Sunday, June 18, 2017

On "Let's Meat Adam" by Soulsoft


Let's Meat Adam is a short gay erotic-horror visual novel puzzle game about being a hunky West Hollywood white dude trapped in a gory escape room. It was released back in March 2017, but I didn't see anyone talk about it, so now I'm bringing it up, and I want to unpack both its commendable bravery and its mistakes.

I think my main beef is the inconsistency. First, it's as if 3 different artists worked on this game, and none of their visual styles cohere. But "inconsistent" also describes the game's politics: it admirably wants to reconcile intersectionality with the gay eroticization of white muscle dudes. This is a difficult design problem that I also struggle with in my own games! So much of the culture of gay sex, touchstones like Athletic Model Guild or Tom of Finland or Kenneth Anger or Joe Gage or the vast majority of gay porn, focus on a small subset of body types. It's surprisingly difficult to refer back to that history without perpetuating that same narrow focus.

Let's Meat Adam, bravely, tries to address this problem head-on. However, I think it doesn't quite succeed...

(⚠ SPOILER ALERT: I'm going to discuss the plot, structure, and ending of the game!... ⚠)


Tuesday, June 13, 2017

Against simpler times


Years ago, I wrote about a hypothetical 2013 Queer Feminist Agenda for games. What an innocent time that was! Back then, I argued that we needed to pursue industry-wide reform, build-up theories of queer games, and combat gay apathy about queer politics.

Obviously a lot of that didn't really pan out, and now the world feels totally different: since 2013, Gamergate, Ferguson, Pulse, and Trump all happened, to say the least. Many people have now left video games for greener pastures, or have taken on more urgent politics beyond games... and anyway, Twitter just feels so much more stressful now. It's honestly kind of hard for me to still care about video games like I did back then. (Did we really use Twitter to argue about formalism in games? That's what we used Twitter for? Wow.)

Four years ago, we were talking about #1ReasonWhy, and GDC started the Advocacy track. Did any systemic reform actually happen? Did the industry end up hiring and retaining more women and black people? Did it get better for minorities? Some good-intentioned straight white male allies probably believe that "we won" because several games at E3 have black women in them. But beyond video game characters, I still feel like we're still having the same old conversations about the same old basic shit. The "discourse" feels extremely stagnated. It's hard to feel like there's any progress when every new Milkshake Duck of the Month pulls us back to basic questions like "wait why is it bad to harass women again?" and then suddenly the gamers are torn between supporting women / minorities vs. liking games about Blade Runner. As I've argued before, games probably aren't going to get "better" through this kind of desperate moral math.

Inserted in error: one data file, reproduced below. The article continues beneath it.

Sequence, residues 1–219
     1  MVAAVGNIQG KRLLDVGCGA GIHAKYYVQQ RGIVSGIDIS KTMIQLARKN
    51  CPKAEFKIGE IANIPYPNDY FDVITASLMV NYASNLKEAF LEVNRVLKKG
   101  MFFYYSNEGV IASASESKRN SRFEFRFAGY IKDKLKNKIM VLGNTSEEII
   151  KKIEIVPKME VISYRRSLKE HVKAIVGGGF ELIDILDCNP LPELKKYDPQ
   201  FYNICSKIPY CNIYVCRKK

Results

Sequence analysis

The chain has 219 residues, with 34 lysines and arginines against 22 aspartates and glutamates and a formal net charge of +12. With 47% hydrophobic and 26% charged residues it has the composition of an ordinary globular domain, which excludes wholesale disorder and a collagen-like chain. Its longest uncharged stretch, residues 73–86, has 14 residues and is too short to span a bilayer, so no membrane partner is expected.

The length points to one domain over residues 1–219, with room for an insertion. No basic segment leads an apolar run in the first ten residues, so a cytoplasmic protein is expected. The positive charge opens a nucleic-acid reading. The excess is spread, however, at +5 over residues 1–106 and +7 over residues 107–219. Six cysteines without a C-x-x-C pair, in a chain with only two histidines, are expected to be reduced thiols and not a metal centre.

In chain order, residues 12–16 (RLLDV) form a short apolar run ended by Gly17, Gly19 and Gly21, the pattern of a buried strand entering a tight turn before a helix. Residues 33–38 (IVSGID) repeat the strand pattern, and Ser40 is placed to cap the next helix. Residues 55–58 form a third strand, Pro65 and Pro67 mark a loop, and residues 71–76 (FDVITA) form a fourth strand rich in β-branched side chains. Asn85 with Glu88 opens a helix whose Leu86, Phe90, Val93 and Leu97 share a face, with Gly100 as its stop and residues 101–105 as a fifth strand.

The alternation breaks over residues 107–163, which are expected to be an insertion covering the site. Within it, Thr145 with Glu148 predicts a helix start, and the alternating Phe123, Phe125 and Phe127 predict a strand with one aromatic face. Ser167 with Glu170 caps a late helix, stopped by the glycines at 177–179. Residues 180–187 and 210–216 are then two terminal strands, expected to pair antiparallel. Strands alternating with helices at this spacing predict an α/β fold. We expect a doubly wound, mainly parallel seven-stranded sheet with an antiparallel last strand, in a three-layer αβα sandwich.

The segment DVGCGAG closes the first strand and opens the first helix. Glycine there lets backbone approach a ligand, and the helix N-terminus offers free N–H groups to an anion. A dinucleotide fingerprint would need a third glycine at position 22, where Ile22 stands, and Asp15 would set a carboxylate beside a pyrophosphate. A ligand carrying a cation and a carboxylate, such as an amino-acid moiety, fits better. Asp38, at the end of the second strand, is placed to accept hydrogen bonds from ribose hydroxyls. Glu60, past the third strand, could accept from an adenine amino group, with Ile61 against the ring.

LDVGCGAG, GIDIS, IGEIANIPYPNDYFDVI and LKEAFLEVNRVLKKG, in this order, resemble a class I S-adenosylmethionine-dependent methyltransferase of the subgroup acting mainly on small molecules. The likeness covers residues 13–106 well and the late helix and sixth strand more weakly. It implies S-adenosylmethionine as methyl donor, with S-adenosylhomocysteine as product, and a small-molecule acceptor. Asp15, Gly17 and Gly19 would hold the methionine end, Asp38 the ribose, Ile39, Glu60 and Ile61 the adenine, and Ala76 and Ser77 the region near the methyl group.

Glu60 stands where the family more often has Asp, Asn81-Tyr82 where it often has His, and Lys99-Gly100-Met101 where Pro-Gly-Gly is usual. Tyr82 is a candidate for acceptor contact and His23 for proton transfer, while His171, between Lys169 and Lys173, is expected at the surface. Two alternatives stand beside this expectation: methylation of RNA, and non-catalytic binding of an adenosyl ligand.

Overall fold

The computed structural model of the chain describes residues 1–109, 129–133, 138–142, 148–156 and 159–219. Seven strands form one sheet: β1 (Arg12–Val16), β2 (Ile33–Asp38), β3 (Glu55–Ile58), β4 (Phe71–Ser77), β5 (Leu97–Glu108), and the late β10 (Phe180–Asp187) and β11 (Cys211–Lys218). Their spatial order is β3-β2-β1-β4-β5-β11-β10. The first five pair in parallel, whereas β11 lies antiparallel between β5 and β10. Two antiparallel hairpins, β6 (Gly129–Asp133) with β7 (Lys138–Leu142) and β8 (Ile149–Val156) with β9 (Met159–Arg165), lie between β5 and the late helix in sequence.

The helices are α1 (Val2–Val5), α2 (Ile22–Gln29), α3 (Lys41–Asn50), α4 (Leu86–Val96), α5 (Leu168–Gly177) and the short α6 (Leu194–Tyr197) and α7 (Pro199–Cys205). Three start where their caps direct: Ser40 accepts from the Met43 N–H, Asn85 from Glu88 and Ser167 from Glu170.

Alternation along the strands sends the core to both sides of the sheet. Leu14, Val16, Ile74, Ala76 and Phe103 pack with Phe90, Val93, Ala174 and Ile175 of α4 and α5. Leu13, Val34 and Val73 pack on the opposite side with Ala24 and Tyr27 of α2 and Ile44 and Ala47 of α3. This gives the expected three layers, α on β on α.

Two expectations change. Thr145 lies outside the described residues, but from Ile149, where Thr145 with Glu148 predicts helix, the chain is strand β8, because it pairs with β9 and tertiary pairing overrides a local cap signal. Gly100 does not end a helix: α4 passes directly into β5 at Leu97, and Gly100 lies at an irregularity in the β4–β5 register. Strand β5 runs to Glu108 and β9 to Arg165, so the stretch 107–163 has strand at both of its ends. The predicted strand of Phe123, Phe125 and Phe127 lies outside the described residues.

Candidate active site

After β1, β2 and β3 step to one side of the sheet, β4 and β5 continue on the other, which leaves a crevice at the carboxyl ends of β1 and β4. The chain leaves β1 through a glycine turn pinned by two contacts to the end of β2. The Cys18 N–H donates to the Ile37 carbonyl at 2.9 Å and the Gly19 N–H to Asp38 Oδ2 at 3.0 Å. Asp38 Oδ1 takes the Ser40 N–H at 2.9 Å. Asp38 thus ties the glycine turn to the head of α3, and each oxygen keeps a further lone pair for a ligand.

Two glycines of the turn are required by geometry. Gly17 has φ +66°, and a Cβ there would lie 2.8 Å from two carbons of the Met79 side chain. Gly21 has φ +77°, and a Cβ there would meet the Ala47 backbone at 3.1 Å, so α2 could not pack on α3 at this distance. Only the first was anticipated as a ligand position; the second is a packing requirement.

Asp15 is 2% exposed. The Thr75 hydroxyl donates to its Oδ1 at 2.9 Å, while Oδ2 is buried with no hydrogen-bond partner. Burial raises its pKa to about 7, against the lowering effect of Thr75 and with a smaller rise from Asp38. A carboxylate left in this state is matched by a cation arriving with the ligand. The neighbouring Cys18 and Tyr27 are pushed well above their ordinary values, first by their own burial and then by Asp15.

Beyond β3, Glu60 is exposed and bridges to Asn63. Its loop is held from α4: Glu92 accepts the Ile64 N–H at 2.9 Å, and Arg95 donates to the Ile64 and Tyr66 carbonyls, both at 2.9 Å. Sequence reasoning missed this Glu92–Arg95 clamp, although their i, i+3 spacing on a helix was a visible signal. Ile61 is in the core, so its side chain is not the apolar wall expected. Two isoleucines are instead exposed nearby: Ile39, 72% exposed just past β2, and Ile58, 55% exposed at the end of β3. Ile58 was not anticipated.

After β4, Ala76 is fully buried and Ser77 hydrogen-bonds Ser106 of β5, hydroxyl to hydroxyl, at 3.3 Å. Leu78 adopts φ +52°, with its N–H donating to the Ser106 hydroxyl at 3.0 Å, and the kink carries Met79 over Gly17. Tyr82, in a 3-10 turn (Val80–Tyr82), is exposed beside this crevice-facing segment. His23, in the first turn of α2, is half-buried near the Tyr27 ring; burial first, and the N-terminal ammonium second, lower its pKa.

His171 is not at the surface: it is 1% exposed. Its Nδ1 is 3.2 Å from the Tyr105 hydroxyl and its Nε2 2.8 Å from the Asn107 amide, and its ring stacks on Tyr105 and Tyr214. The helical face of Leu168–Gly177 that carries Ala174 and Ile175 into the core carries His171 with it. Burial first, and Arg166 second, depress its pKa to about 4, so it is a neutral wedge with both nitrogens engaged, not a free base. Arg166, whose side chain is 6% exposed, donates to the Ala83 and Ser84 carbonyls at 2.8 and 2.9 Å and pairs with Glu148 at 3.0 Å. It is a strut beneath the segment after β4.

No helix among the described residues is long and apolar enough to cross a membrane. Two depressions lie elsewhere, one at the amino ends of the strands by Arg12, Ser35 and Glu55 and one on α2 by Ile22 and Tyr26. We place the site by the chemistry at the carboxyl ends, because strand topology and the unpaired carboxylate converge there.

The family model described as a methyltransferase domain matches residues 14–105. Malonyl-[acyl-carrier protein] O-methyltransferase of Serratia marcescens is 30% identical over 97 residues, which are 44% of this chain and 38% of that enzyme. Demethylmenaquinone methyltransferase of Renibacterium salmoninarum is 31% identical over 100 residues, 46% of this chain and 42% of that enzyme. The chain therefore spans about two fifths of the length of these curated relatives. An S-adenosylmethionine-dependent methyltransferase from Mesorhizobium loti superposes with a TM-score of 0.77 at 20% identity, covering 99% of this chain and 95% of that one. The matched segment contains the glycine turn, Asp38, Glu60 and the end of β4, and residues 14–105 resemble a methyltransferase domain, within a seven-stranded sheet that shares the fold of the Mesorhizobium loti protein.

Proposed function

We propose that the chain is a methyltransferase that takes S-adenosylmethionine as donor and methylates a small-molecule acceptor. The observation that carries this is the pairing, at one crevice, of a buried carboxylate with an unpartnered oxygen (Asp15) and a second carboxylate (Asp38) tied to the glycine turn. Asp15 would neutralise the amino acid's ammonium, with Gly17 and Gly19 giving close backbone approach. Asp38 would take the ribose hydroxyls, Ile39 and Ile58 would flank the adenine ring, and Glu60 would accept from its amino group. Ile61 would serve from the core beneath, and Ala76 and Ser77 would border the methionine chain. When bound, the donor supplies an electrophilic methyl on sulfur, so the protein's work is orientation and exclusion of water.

Four years ago, we were also talking about a "queer games scene" and thinking about how to direct that momentum. For a variety of reasons, that energy ended up dissipating. On the plus side, there are definitely more people doing this work now, which is good, but there's also much less appetite for concentrating it into a "scene", which hurts our visibility and solidarity. Well, at least there's now a loose body of thinking and theory about queerness in games? I contributed to a new book literally called Queer Game Studies, which came out of the first Queerness and Games conference in 2013. When people ask what "queer games" are, I can now point to that book and event, even though it doesn't really feel so urgent to me anymore.

These days, I imagine a lot of us are very tired and disappointed, and I get it, and yeah I feel it too.

But however we feel, we definitely shouldn't nostalgize that supposedly simpler time, that now-mythical era before monthly milkshake ducks and anime frog nazis. That promise of 2013 (or 2012, or 2011, or 2010, etc.) is long gone and we can never go back. Instead, we must forge new kinds of promises and new kinds of trust.

We're still alive. We can still make new energy, new movements, and new alignments. And yeah, it won't feel the same. It won't feel like what we had before, or even what we think we had before. But I promise you, at the very least, whatever it is -- it will be ours.

Friday, June 9, 2017

On that one brilliant episode of Murder She Wrote that thinks VR is kind of bullshit


Murder She Wrote was a long running TV show about an elderly mystery novelist (played by Dame Angela Lansbury) who happens to solve all these murders wherever she goes. Like other long-running TV shows on CBS about older women having adventures, it was popular mostly with grandmothers and gay men -- which is why it's so surprising (or maybe unsurprising?) that it also had one of the most accurate on-point less-rosy depictions of 1990s VR on television.

If you want to know more about the episode "A Virtual Murder" (S10 E05), read Laura Hudson's full write-up for Wired.

If you're in a hurry, here's a brief synopsis, along with my short analysis... but first, please enjoy this GIF of someone (spoiler) shooting a guy in a VR headset: